A theorem of Karrass, Pietrowski and Solitar says that a finitely generated group is virtually free just when it acts on a tree with finite stabilizers and finite (i.e. compact) quotient. In the language of Bass and Serre, finitely generated virtually free groups are exactly the fundamental groups of finite graphs of finite groups. One goal of this talk is to introduce the canonical deformation space, called Outer Space, of these groups. Another is to connect its geometry to the dynamics of the action of the outer automorphism group of the virtually free group. I will attempt to state a few theorems and open questions.

Marta Magnani: Arc coordinates for maximal representations

Given a hyperbolic surface with boundary, arc coordinates provide a parametrization of the Teichmüller space. They rely on the choice of a family of arcs which start and end at boundary components and are orthogonal to them. Higher rank Teichmüller theories are a generalization of classical Teichmüller theory and are concerned with the study of representations of the fundamental group of an oriented surface S of negative Euler characteristic into simple real Lie groups G of higher rank. It is well known that maximal representations are a higher rank Teichmüller theory for G Hermitian. In the talk we will discuss how to generalize arc coordinates for maximal representations, focusing on the case where S is a pair of pants and G=PSp(4,R).

Sara Maloni: Pleated surfaces in PSL_d(C)

Pleated surfaces are an important tool introduced by Thurston to study hyperbolic 3-manifolds, and can be described as piece-wise totally geodesic surfaces, bent along a geodesic lamination lambda. Bonahon generalized this notion to representations of surface groups in PSL_2(C), and described a holomorphic parametrization of the resulting open charts of the character variety in term of shear-bend cocycles.
In this talk I will discuss joint work with Martone, Mazzoli and Zhang, where we generalize this theory to representations in PSL_d(C). In particular, I will discuss the notion of d-pleated surfaces, and their holomorphic parametrization.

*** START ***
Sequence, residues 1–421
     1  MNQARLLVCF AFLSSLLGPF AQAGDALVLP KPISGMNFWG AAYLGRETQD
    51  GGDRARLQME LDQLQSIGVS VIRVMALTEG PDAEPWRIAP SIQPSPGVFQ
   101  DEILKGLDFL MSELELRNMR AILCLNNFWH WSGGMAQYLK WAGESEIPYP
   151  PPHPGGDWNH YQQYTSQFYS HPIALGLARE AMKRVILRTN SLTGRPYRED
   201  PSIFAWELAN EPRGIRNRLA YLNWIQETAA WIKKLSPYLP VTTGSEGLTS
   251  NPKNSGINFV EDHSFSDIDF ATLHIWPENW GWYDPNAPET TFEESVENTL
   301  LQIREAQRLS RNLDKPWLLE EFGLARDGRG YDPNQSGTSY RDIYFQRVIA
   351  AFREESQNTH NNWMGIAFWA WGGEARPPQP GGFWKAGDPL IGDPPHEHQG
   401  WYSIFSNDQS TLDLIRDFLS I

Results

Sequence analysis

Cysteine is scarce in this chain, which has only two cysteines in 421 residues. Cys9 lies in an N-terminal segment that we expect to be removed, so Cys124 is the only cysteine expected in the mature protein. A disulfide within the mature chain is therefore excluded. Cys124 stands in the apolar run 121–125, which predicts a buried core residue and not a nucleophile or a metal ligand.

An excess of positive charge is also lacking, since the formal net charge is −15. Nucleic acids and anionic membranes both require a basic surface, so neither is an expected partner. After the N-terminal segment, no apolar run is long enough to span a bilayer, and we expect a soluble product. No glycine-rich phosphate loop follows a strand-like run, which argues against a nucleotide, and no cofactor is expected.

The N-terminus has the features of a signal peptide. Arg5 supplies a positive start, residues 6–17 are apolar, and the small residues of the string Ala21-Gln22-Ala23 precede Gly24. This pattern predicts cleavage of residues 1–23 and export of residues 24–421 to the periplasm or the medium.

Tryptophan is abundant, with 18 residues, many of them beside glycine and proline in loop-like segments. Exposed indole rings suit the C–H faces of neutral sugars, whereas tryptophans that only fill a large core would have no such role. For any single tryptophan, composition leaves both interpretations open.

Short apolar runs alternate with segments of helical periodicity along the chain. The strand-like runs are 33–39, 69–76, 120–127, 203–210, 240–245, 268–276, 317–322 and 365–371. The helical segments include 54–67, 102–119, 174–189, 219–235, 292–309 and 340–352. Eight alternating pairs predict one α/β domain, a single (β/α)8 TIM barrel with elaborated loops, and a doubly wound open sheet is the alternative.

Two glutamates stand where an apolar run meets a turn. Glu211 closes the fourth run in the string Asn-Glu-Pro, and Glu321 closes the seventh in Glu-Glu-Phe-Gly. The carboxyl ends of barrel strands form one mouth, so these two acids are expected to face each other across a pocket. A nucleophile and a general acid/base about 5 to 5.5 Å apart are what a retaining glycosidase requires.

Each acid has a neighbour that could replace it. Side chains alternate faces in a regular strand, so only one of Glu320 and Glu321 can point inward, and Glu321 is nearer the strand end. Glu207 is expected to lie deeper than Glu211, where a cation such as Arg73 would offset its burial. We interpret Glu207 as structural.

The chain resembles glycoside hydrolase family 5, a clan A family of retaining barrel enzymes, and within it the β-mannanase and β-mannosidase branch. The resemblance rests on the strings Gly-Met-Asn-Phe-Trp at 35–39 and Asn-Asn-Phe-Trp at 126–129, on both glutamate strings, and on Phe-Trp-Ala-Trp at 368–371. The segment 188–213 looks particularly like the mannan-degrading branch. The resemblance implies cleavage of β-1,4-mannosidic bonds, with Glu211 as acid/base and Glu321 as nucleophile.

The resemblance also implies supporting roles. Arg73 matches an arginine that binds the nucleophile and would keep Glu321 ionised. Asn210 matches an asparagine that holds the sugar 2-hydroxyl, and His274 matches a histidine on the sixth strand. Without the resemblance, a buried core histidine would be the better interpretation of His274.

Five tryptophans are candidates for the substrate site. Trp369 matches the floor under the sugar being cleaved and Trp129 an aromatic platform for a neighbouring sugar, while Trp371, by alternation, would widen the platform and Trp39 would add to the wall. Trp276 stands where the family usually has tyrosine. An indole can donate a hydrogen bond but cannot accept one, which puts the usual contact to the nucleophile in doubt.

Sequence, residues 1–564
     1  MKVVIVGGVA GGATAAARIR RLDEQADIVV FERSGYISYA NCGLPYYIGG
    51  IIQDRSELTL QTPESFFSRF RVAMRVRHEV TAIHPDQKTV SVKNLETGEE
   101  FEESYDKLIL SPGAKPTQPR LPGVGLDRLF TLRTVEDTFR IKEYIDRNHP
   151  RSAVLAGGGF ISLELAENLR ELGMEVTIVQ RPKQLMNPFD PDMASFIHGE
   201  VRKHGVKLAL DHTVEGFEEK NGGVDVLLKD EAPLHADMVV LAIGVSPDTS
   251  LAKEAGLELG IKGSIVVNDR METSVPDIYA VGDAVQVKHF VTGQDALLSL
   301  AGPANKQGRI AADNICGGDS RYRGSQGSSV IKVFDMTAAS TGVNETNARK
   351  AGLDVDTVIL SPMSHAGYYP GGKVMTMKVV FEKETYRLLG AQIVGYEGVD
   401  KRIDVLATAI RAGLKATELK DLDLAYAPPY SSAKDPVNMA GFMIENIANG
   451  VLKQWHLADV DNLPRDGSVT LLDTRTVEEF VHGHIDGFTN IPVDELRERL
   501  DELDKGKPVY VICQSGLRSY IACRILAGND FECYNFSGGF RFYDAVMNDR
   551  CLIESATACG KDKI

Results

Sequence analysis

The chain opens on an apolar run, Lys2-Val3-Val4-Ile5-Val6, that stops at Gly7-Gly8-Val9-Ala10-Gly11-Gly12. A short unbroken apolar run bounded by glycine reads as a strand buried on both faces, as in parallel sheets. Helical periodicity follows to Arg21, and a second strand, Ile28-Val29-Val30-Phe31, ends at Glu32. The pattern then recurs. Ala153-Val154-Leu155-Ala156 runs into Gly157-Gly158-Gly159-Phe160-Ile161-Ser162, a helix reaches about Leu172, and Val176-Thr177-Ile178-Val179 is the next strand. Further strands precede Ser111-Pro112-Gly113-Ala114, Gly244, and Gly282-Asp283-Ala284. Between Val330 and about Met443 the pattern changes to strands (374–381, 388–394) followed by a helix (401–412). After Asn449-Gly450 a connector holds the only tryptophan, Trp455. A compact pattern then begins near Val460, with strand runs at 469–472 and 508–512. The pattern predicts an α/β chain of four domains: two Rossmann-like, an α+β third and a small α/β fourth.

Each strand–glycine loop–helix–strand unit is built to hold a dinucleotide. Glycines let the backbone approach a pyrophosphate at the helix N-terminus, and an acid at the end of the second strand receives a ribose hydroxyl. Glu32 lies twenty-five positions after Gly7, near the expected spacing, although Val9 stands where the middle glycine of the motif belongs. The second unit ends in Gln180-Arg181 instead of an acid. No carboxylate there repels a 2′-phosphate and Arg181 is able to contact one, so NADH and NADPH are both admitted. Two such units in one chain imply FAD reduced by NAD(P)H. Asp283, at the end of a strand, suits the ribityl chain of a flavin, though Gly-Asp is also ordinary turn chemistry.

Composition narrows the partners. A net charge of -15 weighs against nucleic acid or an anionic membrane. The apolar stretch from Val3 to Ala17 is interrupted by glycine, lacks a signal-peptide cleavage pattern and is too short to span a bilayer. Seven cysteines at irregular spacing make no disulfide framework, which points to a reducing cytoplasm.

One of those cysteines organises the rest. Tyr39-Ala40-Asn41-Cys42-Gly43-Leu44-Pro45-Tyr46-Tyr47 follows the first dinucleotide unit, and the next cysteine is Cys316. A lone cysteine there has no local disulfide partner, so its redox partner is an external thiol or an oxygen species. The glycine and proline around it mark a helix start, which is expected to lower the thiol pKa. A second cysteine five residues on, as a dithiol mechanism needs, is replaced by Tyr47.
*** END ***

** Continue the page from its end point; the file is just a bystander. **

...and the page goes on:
Silvia Sabatini: Topological properties of (tall) monotone complexity one spaces

In symplectic geometry it is often the case that compact symplectic manifolds with large group symmetries admit indeed a Kähler structure. For instance, if the manifold is of dimension 2n and it is acted on effectively by a compact torus of dimension n in a Hamiltonian way (namely, there exists a moment map which describes the action), then it is well-known that there exists an invariant Kähler structure. These spaces are called symplectic toric manifolds or also complexity-zero spaces, where the complexity is given by n minus the dimension of the torus.

In this talk I will explain how there is some evidence that a similar statement holds true when the complexity is one and the manifold is monotone (the latter being the symplectic analog of the Fano condition in algebraic geometry), namely, that every monotone complexity-one space is simply connected and has Todd genus one, properties which are also enjoyed by Fano varieties. These results are largely inspired by the Fine-Panov conjecture and are in collaboration with Daniele Sepe [2].

Moreover, with Isabelle Charton and Daniele Sepe [1], we completely classify monotone complexity one space that are "tall" (no reduced space is a point), and prove that the torus action extends to a full toric action, that each of these spaces admits a Kähler structure and that there are finitely many such spaces, up to a notion of equivalence that will be introduced in the talk.

[1] I.Charton, S.Sabatini, D.Sepe, "Compact monotone tall complexity one T-spaces", arXiv:2307.04198 [math.SG].
[2] S.Sabatini, D.Sepe, "On topological properties of positive complexity one spaces", Transformation Groups 9  (2020).

Sheila Sandon: Non-squeezing in symplectic and contact topology

The symplectic non-squeezing theorem, discovered by Gromov in 1985, has been the first result showing a fundamental difference between symplectic transformations and volume preserving ones. A similar but more subtle phenomenon in contact topology, the odd dimensional cousin of symplectic topology, has been found by Eliashberg, Kim and Polterovich in 2006, and refined by Fraser in 2016 and Chiu in 2017: in this case non-squeezing depends on the size of the domains, and only appears above a certain quantum scale. In my talk I will describe these fundamental results of symplectic and contact topology and, if time permits, outline the main geometric ideas behind a proof of the contact non-squeezing theorem using generating functions, a classical method just based on finite dimensional Morse theory (joint work with Maia Fraser and Bingyu Zhang).

Neza Zager Korenjak: Constructing proper affine actions

Inspired by infinitesimal strip deformations of Danciger-Gueritaud-Kassel, we construct higher strip deformations, allowing us to find explicit proper actions of free groups on 4n+3-dimensional space.